Happy Hump Day Dear Readers,
As an editor, I see a lot of the same mistakes being made, time and time again. I’m not even talking about grammatical or spelling errors per se. You can benefit from the so-called wisdom of my experience, and make your advertising, public relations, or marketing copy a lot stronger by following these five tips. (They can benefit your fiction writing, too.)
1) Eliminate all exclamation marks. Now. Replace them with periods and review your copy to see if you actually needed to sound so excited. If you use an exclamation mark, it better be the most exciting phrase ever. Do you know how often I’ve read We Are Open Today! or something to that effect? Sure, it may be important news, but it’s not revolutionary. Overuse of exclamation marks screams amateur hour.
2) Use quotations carefully. When you’re reading a paragraph and a phrase is contained in quotes, if it’s not an actual quotation, it’s used as a wink to the reader. (Or should be.) If you write, for instance, our “talented volunteers” will guide you, you’re suggesting that the volunteers aren’t really talented. Or volunteers. In any case, something is suspect about the phrase. Unless you’re trying to say allegedly talented volunteers, skip the quotations.
3) Unique is not the word you want. Trust me on this one. Unique may be one of the most overused words in advertising copy. The true meaning of unique is “one of a kind”–as in, if something is unique, you honestly can’t find it anywhere else. I can’t tell you how many times I’ve seen the word unique describe a mass-produced item. A recent correction I read from one of my superiors at work said, “It’s not unique–we carry it in our gift shop.” It made me smile. So true.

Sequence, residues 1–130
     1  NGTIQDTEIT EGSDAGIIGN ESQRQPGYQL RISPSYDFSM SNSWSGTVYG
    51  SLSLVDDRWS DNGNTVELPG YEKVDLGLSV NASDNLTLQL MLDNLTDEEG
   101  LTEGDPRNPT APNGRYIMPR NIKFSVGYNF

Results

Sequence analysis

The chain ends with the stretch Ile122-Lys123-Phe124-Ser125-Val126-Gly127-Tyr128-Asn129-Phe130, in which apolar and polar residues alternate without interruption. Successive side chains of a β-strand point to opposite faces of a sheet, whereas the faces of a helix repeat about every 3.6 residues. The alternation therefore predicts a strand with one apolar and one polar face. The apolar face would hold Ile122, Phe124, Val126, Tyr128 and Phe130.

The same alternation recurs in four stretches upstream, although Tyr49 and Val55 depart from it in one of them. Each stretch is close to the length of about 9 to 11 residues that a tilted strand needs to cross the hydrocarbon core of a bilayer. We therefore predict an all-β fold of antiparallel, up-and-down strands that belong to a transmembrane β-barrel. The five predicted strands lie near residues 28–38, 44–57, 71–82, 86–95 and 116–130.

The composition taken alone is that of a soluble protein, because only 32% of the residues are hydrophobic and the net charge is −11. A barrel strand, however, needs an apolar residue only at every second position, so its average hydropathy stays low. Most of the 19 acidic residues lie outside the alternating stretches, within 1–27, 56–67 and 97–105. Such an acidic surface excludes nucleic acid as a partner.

4) Get rid of modifiers. Most of the time, you don’t need them. Almost, all, basically, nearly…these have no place in your copy. For some reason, when beginning writers script speeches, they insert the word “all” everywhere, so the speaker ends up sounding like a hillbilly:
I’d like to thank you all for coming here tonight. You all have made a difference to us, and we hope you all come back again soon.
If you’re in the deep South, this may work, but if you’re not, get rid of the all!
5) Cliches. These overused words and phrases are overused for a reason–everyone understands what they mean. They create an instant picture. They’re also lazy. Try to think outside the box (which is a cliche in itself). So is the one-of-a-kind phrase I used to define unique. You get the picture (another cliche).
There you have it. What are your favorite writing tips? What errors or examples of lazy writing drive you crazy?
I’m sure I’ll have more examples in the future.